Native American Women's History Quiz

National American Indian and Alaska Native Heritage Month

This celebration of American Indian and Alaska Native heritage in November has roots in efforts at the turn of the 20th century to recognize the significant contributions the first Americans made to the growth and establishment of the United States. This month, while recognizing the continuing contributions Native Americans make to our country, we also celebrate the traditions and way of life that is such an important part of our history and culture. Starting as a day of recognition in 1916 in some states, then becoming Native Awareness Week in 1976, the celebration expanded to a month in 1990 and has been signified by Presidential Proclamation every November since 1994.
There were somewhere between 7 and 11 million indigenous people living in what became the United States prior to European contact. These people belonged to hundreds of diverse nations and tribes. Their systems of government, their language, their economies, their social customs and their traditions were often extremely different from one another. This quiz presents information on women from a variety of nations and historical periods.
Weetamoo (1635? -1676) Wampanoag Pocasset – Rhode Island
1. She mobilized and led her people to fight the encroachment of European colonist during King Phillips War. Weetamoo also:
a. Was daughter-in-law of Chief Massasoit who sat with the Pilgrims at the first Thanksgiving dinner.
b. Imprisoned Mary Rowlandson, whose captivity story became the most read book of the times.
c. Interacted with the British and adopted some of their customs.

All of the above


Annie Dodge Wauneka (1910-1997) Navajo - Arizona
2.  She was one of the great Navajo leaders who dedicated her life to help her people overcome the health problems that plagued the Navajo in the twentieth century. She won many awards including the Presidential Medal of Freedom. She educated her people about the prevention and treatment of diseases, the most prevalent and deadly disease being:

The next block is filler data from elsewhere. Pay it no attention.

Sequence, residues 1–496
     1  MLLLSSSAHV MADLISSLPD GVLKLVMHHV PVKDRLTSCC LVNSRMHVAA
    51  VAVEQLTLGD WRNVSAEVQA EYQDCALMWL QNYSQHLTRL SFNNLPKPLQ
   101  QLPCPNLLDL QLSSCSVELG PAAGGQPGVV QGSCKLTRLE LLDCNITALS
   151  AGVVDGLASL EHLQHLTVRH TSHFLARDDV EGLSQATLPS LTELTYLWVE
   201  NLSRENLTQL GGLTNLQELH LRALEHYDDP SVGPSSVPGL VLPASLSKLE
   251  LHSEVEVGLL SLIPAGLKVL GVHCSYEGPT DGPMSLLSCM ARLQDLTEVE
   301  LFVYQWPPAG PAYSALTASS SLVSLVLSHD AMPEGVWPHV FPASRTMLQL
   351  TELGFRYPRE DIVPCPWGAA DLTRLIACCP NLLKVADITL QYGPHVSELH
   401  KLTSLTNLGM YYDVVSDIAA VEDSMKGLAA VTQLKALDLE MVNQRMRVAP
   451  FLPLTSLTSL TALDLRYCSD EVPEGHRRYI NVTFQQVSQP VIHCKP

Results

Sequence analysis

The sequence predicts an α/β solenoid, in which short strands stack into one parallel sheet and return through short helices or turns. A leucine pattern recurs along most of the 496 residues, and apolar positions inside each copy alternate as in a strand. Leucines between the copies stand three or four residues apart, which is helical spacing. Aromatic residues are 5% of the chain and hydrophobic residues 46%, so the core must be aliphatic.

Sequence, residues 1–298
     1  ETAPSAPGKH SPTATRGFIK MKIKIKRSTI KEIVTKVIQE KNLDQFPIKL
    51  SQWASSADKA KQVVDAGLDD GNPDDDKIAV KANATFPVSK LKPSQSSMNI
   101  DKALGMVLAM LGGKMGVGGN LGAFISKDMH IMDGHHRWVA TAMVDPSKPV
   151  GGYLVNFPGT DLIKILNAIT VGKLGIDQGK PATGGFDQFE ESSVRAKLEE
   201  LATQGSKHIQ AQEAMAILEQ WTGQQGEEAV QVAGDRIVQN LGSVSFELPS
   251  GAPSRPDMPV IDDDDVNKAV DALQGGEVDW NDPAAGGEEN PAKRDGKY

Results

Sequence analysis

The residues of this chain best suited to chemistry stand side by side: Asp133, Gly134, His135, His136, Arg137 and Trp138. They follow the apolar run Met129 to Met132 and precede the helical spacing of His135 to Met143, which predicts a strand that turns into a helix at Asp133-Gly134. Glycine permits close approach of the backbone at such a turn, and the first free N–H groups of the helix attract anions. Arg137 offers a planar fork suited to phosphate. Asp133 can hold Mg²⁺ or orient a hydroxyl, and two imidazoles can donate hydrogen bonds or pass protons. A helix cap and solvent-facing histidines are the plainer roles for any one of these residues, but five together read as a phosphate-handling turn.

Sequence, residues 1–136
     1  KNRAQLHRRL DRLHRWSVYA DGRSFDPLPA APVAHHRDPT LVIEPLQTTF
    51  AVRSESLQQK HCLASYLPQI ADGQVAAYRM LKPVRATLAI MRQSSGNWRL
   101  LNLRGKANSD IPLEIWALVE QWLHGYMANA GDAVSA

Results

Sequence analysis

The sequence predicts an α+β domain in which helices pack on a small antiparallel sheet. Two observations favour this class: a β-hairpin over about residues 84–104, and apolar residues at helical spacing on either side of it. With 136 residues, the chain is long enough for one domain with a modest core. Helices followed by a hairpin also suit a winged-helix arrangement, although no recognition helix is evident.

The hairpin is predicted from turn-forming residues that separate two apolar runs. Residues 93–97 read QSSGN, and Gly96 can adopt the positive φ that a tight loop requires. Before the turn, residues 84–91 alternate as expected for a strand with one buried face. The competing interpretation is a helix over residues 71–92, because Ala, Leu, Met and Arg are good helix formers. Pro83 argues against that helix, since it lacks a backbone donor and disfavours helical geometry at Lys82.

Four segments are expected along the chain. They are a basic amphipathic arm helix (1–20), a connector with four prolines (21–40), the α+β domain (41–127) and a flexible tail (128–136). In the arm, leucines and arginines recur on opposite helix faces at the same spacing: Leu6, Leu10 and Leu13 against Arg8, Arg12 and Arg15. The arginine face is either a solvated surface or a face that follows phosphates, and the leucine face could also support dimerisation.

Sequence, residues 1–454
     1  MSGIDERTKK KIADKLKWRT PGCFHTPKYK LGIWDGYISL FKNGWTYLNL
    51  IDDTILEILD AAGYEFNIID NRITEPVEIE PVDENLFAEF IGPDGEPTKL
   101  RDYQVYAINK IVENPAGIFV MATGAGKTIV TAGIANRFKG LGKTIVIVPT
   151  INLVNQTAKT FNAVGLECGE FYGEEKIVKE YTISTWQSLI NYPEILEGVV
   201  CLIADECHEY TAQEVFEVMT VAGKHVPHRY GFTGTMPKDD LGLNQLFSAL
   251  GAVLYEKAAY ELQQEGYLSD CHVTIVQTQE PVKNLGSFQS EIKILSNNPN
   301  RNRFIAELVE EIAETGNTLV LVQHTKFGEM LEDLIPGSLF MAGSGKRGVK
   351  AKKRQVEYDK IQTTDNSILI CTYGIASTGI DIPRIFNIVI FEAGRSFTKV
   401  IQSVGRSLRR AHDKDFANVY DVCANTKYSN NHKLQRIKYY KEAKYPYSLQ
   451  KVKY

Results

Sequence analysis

a. Cancer
b. Tuberculosis
c. Influenza
d. Emphysema
Maria Tallchief (b. 1925) Osage - Oklahoma
3. One of the most high-profile Indian women of the twentieth century, she was also the first American dancer in the history of ballet to achieve international fame. She was catapulted to international star status with her title role performance in:
a. The Temperaments (1946)
b. Orpheus (1948)
c. Romeo and Juliet (1950)
d. Firebird (1949)
Sarah Winnemucca (1844-1891) Northern Paiute - western Nevada
4. One of the most famous Indian women of the nineteenth century, she was renowned advocate for peace and justice. What other statement about Sarah is true?
a. She rescued her family from captivity by a warring tribe.
b. She met with President Hayes to ask that the government keep its promise of the Paiute returning to their own reservation.
c. She wrote “Life among the Paiutes”, the first known autobiography written by a Native American woman.
d. All of the above.
Maria Montoya Martinez (1887 - 1980) San Ildefonso Pueblo - New Mexico
5. Her success as an artist ushered in the modern Native American arts industry that today brings monies and honor to Indians from nations and tribes throughout the country. She was a:
a. Muralist
b. Potter
c. Basket weaver
d. None of the above
Ada Deer (b.1935) Menominee - Wisconsin
6. To ensure the survival of the Menominee who had lived in this area of Wisconsin for 5,000 years, in 1970 she led the drive to end the US government's policy of termination. Termination included:
a. Closing Indian hospital and schools.
b. Collecting income tax, which earlier treaties had prohibited.
c. Tribal government selling tribal homelands
d. All of the above
Essie Parrish (1903-1979 Kashaya Pomo – Northern California
7. Essie Parrish, a renowned Pomo spiritual healer, was dedicated to teaching the children of her tribe their native language and customs. During her lifetime:
a. She was acknowledged as her people’s “dreamer” at age 6 and had a great ability to prophesy and interpret dreams.
b. She worked with acclaimed social scientists to make over 20 anthropological films documenting Pomo culture and ceremonies.
c. She presented Robert Kennedy with a treasured hand-woven basket when he visited the Kashaya reservation to investigate conditions in Indian schools
d. All of the above


1. a. All of the above
2. b. Tuberculosis
3. d. Firebird (1949)
4. d. All of the above
5. b. Potter
6. d. All of the above
7. d. All of the above


Quiz compiled by: National Women's History Project